Today, women make up the majority of university attendees – though it’s taken over 100 years to get here. The path into higher education was not, as with most things to do with universal inclusion, simple or straightforward. In addressing the above, I’ll be trying to find out where Bristol stands in the slow, disjointed process of women being allowed to get degrees.
First, a little background. In 1870, a full 142 years ago, education was universalised. This meant that in the U.K, the vast majority of children received only elementary education – today’s equivalent of a GCSE – and the situation remains much the same today. Though, for the few that went on to further education, the next step was college. Some colleges, upon receiving a charter, became universities.
Women were permitted onto a limited number of courses, and were often overseen and organised by Ladies’ Educational Associations (LEAs), most of which were set up in the 1860s and 1870s. These LEAs were often based in larger cities; they promoted, organised women’s higher education, examinations and provided a support network for women teachers – amidst a largely undecided public. London Ladies’ Educational Association began to organise ‘lectures for ladies’ outside the university college grounds, which was eventually incorporated into the main college. Edinburgh’s LEA secured similar teaching facilities, prompting a certificate particularly for women in 1872. This certificate meant that the woman in question had been educated to a high standard in literature or the arts, St. Andrews in particular offering an LLA (Lady Literate in Arts). Though, it is important to note this was not a degree, and Emily Davies wrote a concerned letter in the same year to Edinburgh’s LEA warning of the potentially damaging consequences of splitting standards in this way.
The University of Bristol gained its charter in 1909, having been preceded by University College and a College of Medicine in the city. John Percival, the head teacher of Clifton College from 1862-1879 supported the creation of university college, and subsequently, the university itself. Percival was a deeply religious figure, and, drawing his morals from his religion, was quoted as saying “there should be as little as possible of a barrier between masters and boys; that our relations with them should be … those of friends…” . This, in an era of staunch paternalism, was nothing short of anarchism. Percival also thought that education should be for everyone, men and women, rich and poor alike. To this end, Percival set up his own Association, the Association for the Promotion of the Higher Education for Women in 1868, which campaigned for and provided more education for women. As a result of Percival’s influence, Bristol’s University College was the first to admit women and men on equal grounds.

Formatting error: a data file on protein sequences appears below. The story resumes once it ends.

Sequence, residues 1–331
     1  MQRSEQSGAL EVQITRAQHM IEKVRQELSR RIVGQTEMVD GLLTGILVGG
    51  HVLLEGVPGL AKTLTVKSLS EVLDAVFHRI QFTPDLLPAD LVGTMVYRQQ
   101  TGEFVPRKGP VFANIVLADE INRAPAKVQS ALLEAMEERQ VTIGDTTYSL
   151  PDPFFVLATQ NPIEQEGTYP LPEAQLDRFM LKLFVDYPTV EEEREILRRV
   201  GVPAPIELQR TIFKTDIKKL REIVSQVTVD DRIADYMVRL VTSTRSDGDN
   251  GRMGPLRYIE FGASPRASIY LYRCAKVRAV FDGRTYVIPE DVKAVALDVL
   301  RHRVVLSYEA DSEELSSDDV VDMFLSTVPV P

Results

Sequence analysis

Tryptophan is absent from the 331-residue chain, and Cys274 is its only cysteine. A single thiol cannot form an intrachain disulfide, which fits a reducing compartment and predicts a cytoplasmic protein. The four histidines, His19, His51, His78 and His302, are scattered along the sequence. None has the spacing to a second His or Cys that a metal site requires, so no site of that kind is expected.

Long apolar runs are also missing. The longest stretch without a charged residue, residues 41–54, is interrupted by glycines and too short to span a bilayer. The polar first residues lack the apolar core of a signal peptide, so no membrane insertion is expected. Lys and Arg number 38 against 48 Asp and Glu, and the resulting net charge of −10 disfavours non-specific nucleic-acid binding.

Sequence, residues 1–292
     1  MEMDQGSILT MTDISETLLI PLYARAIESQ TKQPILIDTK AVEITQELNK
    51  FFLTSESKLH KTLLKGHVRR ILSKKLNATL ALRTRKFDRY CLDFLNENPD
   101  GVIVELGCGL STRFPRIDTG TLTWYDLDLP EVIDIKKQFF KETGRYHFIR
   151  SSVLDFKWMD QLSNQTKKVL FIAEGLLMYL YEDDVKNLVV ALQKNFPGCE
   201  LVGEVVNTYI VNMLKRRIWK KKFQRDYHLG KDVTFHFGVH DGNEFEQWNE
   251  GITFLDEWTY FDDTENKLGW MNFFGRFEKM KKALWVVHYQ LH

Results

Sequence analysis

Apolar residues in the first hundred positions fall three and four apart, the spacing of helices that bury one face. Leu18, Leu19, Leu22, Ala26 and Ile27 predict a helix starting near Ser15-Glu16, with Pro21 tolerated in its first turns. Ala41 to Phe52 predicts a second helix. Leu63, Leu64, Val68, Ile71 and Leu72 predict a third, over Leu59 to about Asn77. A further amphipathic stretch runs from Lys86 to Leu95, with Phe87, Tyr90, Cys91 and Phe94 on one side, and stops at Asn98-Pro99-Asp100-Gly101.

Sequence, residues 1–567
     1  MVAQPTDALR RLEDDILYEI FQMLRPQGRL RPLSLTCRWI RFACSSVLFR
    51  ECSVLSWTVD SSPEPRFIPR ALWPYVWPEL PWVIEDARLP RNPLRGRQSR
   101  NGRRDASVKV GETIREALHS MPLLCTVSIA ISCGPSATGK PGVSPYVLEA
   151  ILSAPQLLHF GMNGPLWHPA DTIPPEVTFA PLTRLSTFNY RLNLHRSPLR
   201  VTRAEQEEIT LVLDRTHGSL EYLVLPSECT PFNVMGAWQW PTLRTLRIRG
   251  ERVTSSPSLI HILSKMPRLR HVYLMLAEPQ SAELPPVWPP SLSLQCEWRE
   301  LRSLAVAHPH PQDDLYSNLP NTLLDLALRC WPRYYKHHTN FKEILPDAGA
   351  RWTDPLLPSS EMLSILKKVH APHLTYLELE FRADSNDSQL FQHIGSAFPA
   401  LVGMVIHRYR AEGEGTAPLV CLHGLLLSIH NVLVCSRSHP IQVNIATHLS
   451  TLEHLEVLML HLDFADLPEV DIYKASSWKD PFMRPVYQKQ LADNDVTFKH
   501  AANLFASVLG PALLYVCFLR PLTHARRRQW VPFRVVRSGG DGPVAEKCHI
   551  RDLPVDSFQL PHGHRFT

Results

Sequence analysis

Women were first permitted onto a degree course in 1878, and the first degrees were conferred upon women in 1880 by University College London. Many women had previously studied, and did not need to complete much further study to attain their degrees. While Bristol was not the first university to confer degrees upon women, it was among them, and had been congratulated in Christina Bremner’s 1897 book, for its progressive attitude (aside from the medical school, which, in keeping with the attitude of the time did not admit women until some years later).
The university benefitted from visionary figures like Percival in its egalitarian attitude, but defends its status as an inclusive university. More recently, historian Negley Harte and Sir John Kingman, (Bristol’s Vice-Chancellor at the time) had a rather public argument about which university was the first to admit women. It was made quite clear that admitting women and awarding degrees before any other university is, today, a prized status for Bristol. A rare success story in feminism’s history, it seems!
By Bethany Benker, who is studying for a Masters in Social Science Research Methods (Sociology) at the University of Bristol. She has her own fantastic blog here: http://sellingjesus.wordpress.com/
Beth would like to thank Doctor Sue Bruley (http://www.port.ac.uk/departments/academic/sshls/staff/title,2186,en.html) and Professor Carol Dyhouse (http://www.sussex.ac.uk/history/people/peoplelists/person/790).